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Blake & Mortimer: Illustrator needs info on Reading Station, 1919

mct16
Member
#1 · Posted: 12 Feb 2011 17:11 · Edited by: mct16
I came across an interesting appeal on a Blake and Mortimer blog site.

It seems that André Juillard, one of the artists currently working on the series (he drew "The Voronov Plot"), is looking for documentation, including pictures and diagrams, relating to the railway station at Reading, in Berkshire, England, as it was around 1919.

What he needs is stuff that also describes its immediate surroundings, the inside of the station and the platforms, preferably pictures.

If you or anyone you know has such material, then would it be possible to get in touch with either
blake.jacobs.mortimer@gmail.com or
contact@dargaud.fr
and they will pass the information on to Juillard. Scans of such material would be welcome.

Don't worry about translations: I imagine that Dargaud has plenty of English-speaker among its staff.
jock123
Moderator
#2 · Posted: 12 Feb 2011 22:15 · Edited by: jock123
An interesting quest…!

My guess would be that Lawrence of Arabia/ T.E. Lawrence/ John Hume Ross/ T.E. Shaw/ whatever he was calling himself at the time, must be going to make an appearance in one of Juillard’s books: Reading station, in 1919, is where he famously lost his original manuscript for The Seven Pillars of Wisdom in a briefcase he misplaced while changing trains. He never got it back, didn’t have a copy, and had to re-write the entire thing - it was twice as long the second time he wrote it than the first draft had been…
mct16
Member
#3 · Posted: 13 Feb 2011 12:39
jock123:
My guess would be that Lawrence of Arabia/ T.E. Lawrence/ John Hume Ross/ T.E. Shaw/ whatever he was calling himself at the time, must be going to make an appearance in one of Juillard’s books

Interesting assumption.

In fact, doesn't Lawrence strike you as a possible model for Tintin? Blond-haired, dashing, an explorer-adventurer, even a secret agent, who seems to have preferred the company company of men as opposed to women?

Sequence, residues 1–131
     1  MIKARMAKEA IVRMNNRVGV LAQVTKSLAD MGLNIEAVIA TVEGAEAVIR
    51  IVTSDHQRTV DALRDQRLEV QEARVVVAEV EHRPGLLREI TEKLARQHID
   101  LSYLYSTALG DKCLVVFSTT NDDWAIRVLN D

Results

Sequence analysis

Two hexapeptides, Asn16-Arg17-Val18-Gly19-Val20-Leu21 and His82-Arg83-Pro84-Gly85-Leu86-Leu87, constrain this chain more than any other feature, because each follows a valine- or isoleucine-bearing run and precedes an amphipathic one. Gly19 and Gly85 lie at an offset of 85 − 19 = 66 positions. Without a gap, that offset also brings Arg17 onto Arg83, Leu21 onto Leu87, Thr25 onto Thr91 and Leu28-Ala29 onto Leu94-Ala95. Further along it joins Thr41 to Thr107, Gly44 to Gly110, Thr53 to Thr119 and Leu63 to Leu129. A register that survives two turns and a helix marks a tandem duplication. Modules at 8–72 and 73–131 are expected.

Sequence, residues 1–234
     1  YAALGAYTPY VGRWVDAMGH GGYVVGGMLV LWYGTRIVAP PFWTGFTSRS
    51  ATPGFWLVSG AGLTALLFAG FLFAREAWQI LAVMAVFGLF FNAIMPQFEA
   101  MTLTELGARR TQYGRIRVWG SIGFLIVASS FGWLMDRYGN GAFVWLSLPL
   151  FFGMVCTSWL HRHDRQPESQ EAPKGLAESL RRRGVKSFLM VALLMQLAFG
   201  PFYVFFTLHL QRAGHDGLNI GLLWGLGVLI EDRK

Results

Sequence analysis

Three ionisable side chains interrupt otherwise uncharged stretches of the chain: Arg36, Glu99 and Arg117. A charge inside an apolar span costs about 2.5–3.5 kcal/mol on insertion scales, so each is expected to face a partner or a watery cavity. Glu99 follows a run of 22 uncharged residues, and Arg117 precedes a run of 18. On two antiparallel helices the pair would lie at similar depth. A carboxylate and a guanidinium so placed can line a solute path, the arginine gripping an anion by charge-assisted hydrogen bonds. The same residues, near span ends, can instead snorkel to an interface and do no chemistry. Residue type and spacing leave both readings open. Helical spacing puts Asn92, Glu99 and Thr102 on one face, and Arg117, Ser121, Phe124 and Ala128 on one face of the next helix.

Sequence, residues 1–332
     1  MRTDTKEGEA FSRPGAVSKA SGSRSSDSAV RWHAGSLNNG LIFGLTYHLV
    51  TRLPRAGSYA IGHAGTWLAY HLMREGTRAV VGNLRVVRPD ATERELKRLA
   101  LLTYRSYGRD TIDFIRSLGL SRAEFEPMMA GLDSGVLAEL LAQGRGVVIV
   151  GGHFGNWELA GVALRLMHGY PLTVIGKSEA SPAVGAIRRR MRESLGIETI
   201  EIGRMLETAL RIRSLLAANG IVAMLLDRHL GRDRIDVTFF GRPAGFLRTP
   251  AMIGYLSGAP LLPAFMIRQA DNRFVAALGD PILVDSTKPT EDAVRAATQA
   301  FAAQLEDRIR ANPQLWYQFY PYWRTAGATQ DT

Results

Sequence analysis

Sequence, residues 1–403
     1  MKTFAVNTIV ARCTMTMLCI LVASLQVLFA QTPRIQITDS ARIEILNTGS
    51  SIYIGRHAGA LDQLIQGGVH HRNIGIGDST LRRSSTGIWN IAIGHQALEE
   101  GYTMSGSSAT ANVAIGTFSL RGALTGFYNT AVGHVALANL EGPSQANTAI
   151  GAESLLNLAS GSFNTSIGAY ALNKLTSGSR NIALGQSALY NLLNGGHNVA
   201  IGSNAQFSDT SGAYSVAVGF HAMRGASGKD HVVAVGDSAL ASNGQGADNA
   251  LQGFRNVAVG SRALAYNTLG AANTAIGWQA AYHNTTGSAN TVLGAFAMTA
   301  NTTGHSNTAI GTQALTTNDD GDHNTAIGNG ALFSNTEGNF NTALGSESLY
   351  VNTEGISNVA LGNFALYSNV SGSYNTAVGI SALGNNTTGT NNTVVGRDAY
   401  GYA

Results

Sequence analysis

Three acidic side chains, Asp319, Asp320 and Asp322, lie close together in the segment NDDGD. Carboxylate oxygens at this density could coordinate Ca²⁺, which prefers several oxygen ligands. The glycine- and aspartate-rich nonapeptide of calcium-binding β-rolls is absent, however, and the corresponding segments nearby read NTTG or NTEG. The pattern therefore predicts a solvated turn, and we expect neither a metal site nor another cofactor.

Grey
Member
#4 · Posted: 13 Feb 2011 16:41
Wow, that's rather coincidental as I live in Reading and I know quite a bit on the station! I think a library trip is in order to help Julliard.
mct16
Member
#5 · Posted: 11 Apr 2012 19:53 · Edited by: mct16
jock123:
My guess would be that Lawrence of Arabia/ T.E. Lawrence/ John Hume Ross/ T.E. Shaw/ whatever he was calling himself at the time, must be going to make an appearance in one of Juillard’s books

And believe it or not, that is what appears to have happened!!!

The latest "Blake and Mortimer" is due to be published in November 2012. It will dwelve on aspects of Blake's past and apparently he was acquainted with Lawrence of Arabia!

The title is "Le Serment des cinq lords" ("The Pledge of the Five Peers"), written by Yves Sente and drawn by André Juillard (also responsible for "The Voronov Plot" and "The Sarcophagi of the Sixth Continent"). As far as I can tell, the plot deals with thefts from museums and Olrik is not due to appear. Juillard says that after so many failures Olrik "is on holiday. He needed it. He'd become cumbersome."

In Belgium, it will be published in the "Le Soir" newspaper in the form of strips, apparently from this week onwards. (I suddenly feel the urge to move to Belgium.)
george
Member
#6 · Posted: 16 Apr 2012 23:20
mct16:
As far as I can tell, the plot deals with thefts from museums

Yves Sente and André Juillard were in the UK last year for the BD & Comics Passion event. They showed a number of pages from this new book and spoke about it for some time. To my shame I've forgotten the details but they did say they'd been to the Ashmolean in Oxford earlier that week, which ties in with the Museum theme.

George
mct16
Member
#7 · Posted: 29 May 2015 12:48
I've been reading the Blake and Mortimer adventure "The Oath of the Five Lords" and it includes a dedication to Raphael Taylor and the "internauts" for their "valuable help" regarding Reading Station.

Raphael Taylor is the author of "Herge: The Genius of Tintin", a recent biography. I'm wondering if Grey was one of the internauts who helped the authors.

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